There's been a change in the way doctors think about meniscal tears these days. Studies show long-term problems occur when the meniscus is removed. For a while they were repairing the tear. They did this by shaving off any frayed edges and stitching it back down to the bone.
More studies showed even this wasn't needed. The meniscus seems to be able to heal itself better when left alone.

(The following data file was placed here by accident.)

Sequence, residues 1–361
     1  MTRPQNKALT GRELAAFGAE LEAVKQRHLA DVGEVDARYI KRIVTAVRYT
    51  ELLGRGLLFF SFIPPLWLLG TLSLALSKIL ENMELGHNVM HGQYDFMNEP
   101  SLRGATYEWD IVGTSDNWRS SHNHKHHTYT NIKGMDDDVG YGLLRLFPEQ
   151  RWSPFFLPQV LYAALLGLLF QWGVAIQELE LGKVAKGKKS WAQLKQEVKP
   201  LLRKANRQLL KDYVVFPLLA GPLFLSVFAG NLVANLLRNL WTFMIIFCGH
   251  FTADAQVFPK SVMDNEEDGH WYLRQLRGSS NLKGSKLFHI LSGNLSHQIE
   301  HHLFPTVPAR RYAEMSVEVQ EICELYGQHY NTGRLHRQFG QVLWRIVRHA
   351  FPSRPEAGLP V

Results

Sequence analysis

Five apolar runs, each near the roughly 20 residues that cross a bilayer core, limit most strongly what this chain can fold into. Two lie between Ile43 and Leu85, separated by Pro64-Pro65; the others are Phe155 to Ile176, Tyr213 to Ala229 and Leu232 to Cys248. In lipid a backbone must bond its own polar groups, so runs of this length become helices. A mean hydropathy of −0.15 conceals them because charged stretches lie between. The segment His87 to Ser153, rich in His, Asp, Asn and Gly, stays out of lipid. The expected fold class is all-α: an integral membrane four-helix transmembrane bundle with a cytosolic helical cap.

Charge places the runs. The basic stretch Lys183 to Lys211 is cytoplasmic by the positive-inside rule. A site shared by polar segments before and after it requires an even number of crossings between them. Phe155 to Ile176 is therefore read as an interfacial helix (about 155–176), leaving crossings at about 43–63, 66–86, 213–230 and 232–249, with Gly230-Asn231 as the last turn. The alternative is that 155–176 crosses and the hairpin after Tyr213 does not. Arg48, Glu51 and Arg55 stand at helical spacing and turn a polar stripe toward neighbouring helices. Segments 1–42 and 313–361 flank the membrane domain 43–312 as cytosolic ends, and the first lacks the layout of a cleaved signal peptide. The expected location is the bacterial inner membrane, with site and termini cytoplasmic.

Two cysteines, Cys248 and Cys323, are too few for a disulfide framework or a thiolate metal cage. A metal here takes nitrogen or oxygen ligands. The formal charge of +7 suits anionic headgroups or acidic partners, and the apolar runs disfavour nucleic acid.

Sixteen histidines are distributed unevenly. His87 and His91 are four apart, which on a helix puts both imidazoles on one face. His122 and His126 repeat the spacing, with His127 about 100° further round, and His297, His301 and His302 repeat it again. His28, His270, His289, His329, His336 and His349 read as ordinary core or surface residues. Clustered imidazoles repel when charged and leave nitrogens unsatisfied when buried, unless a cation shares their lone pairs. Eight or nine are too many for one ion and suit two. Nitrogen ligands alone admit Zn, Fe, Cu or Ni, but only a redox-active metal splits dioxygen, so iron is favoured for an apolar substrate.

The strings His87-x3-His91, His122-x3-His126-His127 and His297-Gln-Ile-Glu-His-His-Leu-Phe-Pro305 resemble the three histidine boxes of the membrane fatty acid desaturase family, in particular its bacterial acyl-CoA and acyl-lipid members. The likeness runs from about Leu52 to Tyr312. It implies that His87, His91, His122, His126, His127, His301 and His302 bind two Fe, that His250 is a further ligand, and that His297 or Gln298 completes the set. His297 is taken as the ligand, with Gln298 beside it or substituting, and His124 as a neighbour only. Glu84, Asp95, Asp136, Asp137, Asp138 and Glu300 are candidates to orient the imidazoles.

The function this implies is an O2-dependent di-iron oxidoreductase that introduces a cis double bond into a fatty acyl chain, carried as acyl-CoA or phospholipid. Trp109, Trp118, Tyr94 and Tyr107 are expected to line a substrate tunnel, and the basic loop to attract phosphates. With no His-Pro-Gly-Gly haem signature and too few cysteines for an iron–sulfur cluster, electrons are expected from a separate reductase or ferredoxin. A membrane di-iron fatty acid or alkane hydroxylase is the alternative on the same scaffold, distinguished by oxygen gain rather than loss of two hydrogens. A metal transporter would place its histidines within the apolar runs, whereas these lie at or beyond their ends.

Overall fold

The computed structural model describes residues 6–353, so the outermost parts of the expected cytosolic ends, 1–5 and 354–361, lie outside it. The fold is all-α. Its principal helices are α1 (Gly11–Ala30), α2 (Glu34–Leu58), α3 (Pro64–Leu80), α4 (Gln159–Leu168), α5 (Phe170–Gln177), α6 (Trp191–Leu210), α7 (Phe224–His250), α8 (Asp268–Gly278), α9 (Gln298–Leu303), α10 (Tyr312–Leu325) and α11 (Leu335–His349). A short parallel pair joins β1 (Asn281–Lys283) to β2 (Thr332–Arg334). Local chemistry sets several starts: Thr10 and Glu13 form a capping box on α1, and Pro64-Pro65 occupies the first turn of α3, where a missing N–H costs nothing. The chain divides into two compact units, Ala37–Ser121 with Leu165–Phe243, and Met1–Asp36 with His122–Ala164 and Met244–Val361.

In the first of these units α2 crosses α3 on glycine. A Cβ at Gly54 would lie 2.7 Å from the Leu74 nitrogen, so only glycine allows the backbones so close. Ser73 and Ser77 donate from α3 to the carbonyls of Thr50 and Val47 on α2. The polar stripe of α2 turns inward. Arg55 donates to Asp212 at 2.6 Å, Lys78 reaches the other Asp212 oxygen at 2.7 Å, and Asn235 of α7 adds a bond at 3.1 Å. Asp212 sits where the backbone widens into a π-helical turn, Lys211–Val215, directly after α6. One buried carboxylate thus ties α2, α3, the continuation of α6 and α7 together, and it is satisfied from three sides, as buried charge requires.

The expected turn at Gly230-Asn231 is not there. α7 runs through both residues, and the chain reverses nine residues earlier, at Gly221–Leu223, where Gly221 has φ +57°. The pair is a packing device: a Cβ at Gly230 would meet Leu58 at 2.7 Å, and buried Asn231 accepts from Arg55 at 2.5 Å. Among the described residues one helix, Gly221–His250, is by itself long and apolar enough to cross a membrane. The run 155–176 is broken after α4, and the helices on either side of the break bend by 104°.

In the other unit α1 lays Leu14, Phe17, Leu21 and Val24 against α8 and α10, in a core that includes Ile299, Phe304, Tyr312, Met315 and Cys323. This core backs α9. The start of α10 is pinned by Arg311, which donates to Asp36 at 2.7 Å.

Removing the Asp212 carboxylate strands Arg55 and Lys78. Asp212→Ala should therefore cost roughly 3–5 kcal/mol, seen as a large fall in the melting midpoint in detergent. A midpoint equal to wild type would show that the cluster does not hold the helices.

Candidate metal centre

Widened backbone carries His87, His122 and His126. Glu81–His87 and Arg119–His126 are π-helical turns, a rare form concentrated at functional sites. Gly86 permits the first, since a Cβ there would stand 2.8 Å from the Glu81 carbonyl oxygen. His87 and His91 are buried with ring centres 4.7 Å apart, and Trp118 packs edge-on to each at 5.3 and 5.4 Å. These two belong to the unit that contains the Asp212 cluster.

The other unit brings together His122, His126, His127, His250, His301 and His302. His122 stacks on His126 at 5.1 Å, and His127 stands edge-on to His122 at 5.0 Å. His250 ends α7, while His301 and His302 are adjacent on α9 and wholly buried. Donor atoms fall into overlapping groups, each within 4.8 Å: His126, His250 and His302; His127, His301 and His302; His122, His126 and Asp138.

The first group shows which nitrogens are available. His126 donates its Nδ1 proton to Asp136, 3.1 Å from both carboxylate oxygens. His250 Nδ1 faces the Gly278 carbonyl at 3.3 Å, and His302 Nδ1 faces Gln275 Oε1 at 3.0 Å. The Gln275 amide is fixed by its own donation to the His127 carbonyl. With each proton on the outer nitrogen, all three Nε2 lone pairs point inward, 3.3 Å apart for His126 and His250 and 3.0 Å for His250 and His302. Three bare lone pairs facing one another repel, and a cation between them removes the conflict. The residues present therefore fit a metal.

Repair isn't needed if the tear is "stable." Stable means the torn piece doesn't move around, flap over, or get stuck inside the joint causing clicking, catching, or locking. The doctor can test this by using a probe and trying to move the injured meniscus.
Usually tears in the back half of the knee are stable. Tears smaller than one cm are also more likely to remain stable.